CNN LIVE EVENT/SPECIAL
Powell Testifies Before Appropriations Committee
Aired March 13, 2003 - 11:11 ET
THIS IS A RUSH TRANSCRIPT. THIS COPY MAY NOT BE IN ITS FINAL FORM AND MAY BE UPDATED.
CAROL COSTELLO, CNN ANCHOR: We want to go live to the Hill right now where Defense Secretary Colin Powell is testifying for the House Appropriations Committee -- let's listen.
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COLIN POWELL, SECRETARY OF STATE: ... so, we have found that there is a great deal of now disagreement over this issue, and I'm not unmindful of the public disagreement that exists in Europe and elsewhere.
But there is also a great deal of support. The United States is not isolated politically on this issue and nobody is supporting us. I can point to the strong efforts of Prime Minister Blair of the United Kingdom. I can point to the speech that Prime Minister Howard of Australia gave yesterday to the people of Australia. I just left a meeting in the Oval Office with the prime minister of Ireland. A small company that stood up strongly on the Security Council last fall and voted with us and continues to support us. Even though they have difficulties at home, they know what has to be done to disarm this nation.
I can point to Bulgaria, Italy, Spain, the Vilnius Ten, the Group of Eight, Japan. The United States is not in this alone.
One thing is clear: The whole world recognizes that Saddam Hussein must be disarmed. The debate we're having, the disagreement we're having: how best to accomplish that.
We have tried to accomplish it peacefully for 12 long years. Saddam Hussein is the one who is guilty. Saddam Hussein is the one who is not responding. It is he who is not complying. The only reason he is doing anything now is a result of the threat of force.
Remember, when the president gave his speech on the 12th of September, within three days suddenly Saddam Hussein was starting to say let the inspectors in, but not really. Everything he has done since the president's speech has been an effort to try to keep away the day of reckoning.
Well, the day of reckoning is fast approaching. We still hope for a peaceful solution. We hope a peaceful, diplomatic way can be found. But the one thing that we have made clear to the world since the very beginning of this crisis, that the United States is committed to the disarmament of the Iraqi regime. We hope it'll be done peacefully. But if it's not done peacefully, the United States is prepared to lead a coalition of the willing that will do it. And when it is done, there will be bills, as mentioned here this morning. There will be need for reconstruction. But in that effort, the Iraqi people will be better off. The United States has a track record over the past 60 years of leaving places a lot better than we found them.
Mr. Chairman, in the interest of time, I'll stop there...
COSTELLO: All right. We're going to dip back out. That was Colin Powell speaking before the House Appropriations Committee on the Hill.
Let's talk about the change of plans on the Hill. The White House says a vote on a second U.N. resolution on Iraq may not happen until next week, suggesting the votes are still not there for passage.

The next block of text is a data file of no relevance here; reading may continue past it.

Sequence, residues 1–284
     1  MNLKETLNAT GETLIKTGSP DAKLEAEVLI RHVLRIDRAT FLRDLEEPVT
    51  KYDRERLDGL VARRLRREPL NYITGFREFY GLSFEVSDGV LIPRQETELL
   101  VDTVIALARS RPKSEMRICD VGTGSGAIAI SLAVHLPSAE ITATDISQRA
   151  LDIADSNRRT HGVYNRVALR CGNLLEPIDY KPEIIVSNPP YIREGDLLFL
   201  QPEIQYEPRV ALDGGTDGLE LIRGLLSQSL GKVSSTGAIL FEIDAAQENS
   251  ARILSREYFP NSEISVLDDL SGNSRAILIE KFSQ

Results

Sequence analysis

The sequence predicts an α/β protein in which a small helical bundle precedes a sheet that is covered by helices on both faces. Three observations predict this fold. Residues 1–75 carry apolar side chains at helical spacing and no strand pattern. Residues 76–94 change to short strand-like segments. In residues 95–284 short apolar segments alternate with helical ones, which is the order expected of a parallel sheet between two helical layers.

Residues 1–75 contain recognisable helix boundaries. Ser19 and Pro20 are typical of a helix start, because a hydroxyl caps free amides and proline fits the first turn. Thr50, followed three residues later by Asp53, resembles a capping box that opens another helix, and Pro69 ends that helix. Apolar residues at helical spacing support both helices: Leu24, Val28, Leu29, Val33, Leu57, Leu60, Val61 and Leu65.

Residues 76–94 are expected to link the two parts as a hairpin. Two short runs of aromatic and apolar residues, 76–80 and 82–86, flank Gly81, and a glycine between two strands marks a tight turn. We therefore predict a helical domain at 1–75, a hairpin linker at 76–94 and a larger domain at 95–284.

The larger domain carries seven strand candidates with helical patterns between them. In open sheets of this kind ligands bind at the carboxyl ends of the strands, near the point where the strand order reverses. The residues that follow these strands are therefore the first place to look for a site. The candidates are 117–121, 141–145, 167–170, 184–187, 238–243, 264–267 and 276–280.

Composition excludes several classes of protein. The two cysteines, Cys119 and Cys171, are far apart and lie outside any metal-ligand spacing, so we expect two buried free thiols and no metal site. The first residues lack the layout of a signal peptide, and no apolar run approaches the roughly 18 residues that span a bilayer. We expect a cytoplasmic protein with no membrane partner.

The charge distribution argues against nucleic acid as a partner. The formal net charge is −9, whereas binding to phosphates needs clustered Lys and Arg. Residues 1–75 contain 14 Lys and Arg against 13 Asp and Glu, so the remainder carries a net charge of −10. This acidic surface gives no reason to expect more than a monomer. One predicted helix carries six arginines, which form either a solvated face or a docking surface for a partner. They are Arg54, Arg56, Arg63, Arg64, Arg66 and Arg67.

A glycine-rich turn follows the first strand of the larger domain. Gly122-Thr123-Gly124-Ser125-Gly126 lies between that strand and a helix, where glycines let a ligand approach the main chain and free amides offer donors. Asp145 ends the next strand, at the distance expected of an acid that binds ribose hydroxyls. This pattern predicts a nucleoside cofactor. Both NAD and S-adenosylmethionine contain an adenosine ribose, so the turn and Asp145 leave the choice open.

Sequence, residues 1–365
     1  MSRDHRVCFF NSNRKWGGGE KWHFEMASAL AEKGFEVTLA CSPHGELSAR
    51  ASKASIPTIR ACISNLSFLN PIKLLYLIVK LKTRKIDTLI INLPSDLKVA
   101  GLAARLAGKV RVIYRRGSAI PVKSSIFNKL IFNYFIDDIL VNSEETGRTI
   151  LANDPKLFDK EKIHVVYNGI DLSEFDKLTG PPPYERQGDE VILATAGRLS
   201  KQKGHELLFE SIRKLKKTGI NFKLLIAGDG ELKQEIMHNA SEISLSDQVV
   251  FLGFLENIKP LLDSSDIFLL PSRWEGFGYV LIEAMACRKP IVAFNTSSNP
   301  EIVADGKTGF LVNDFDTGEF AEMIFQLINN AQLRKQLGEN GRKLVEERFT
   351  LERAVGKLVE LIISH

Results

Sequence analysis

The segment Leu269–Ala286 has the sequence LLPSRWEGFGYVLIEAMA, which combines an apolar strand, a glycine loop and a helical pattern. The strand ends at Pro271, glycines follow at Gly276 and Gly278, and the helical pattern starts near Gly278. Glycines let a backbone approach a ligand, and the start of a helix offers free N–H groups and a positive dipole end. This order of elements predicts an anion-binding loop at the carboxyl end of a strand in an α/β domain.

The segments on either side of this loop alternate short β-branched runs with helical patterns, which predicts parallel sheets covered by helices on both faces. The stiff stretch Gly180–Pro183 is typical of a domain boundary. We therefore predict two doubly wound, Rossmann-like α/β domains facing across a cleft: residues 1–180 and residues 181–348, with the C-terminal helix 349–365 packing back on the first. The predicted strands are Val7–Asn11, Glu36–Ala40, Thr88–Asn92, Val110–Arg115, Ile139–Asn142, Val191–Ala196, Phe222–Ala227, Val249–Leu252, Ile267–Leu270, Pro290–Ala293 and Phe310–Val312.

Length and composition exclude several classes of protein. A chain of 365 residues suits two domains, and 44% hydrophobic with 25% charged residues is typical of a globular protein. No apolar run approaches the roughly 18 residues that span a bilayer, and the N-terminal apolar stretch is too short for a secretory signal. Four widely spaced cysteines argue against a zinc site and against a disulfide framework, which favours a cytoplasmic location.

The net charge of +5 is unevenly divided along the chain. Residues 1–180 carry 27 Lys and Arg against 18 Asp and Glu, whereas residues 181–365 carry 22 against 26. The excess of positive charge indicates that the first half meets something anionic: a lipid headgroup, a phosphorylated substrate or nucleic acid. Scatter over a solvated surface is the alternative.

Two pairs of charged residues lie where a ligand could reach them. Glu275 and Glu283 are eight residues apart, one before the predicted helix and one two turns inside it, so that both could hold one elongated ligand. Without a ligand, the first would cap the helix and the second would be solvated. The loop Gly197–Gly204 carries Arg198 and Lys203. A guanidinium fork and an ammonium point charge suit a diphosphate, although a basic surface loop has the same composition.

Let's bring in our White House correspondent, Dana Bash. What's it looking like, Dana?
DANA BASH, CNN WHITE HOUSE CORRESPONDENT: Hi, Carol. Well, the White House is saying that they are willing to continue the negotiations at the United Nations into next week. That is different from what they had been saying earlier in the week. That was that they wanted the vote to be this week, no matter what, but in the interest of trying to find as many votes as possible, they clearly feel here at the White House that the more talking goes on, the more that, perhaps, they can get additional countries on board at the U.N. Security Council.
One thing, although we are told privately that there is a sense that perhaps, it is not necessarily likely, but there is a possibility that there wouldn't be a vote called for at all if they couldn't get as many votes as they wanted together on the U.N. Security Council, they are saying publicly, Ari Fleischer, the White House spokesman, said publicly earlier today that they do want a vote no matter what.
But what this is -- what this means, Carol, is that if it spills into next week, Monday is March 17. That is what the deadline had been in the original proposal.
That, of course, makes that deadline moot if it spills into next week. Negotiations do continue, and it was interesting -- you just heard Colin Powell talking about the number of countries that the United States feels it has on board with them. The United Kingdom, Australia, and others trying to maintain that the U.S., no matter what happens at the United Nations, does have what he called that "coalition of the willing," maintaining that the U.S. is not going to go this alone.
So here at the White House, they are talking about the fact that they are continuing to work. The president will have a lot of phone calls, we are told, additional phone calls today, all an effort to get those votes -- Carol.
COSTELLO: All right. Dana Bash reporting live from the White House this morning. TO ORDER A VIDEO OF THIS TRANSCRIPT, PLEASE CALL 800-CNN-NEWS OR USE OUR SECURE ONLINE ORDER FORM LOCATED AT www.fdch.com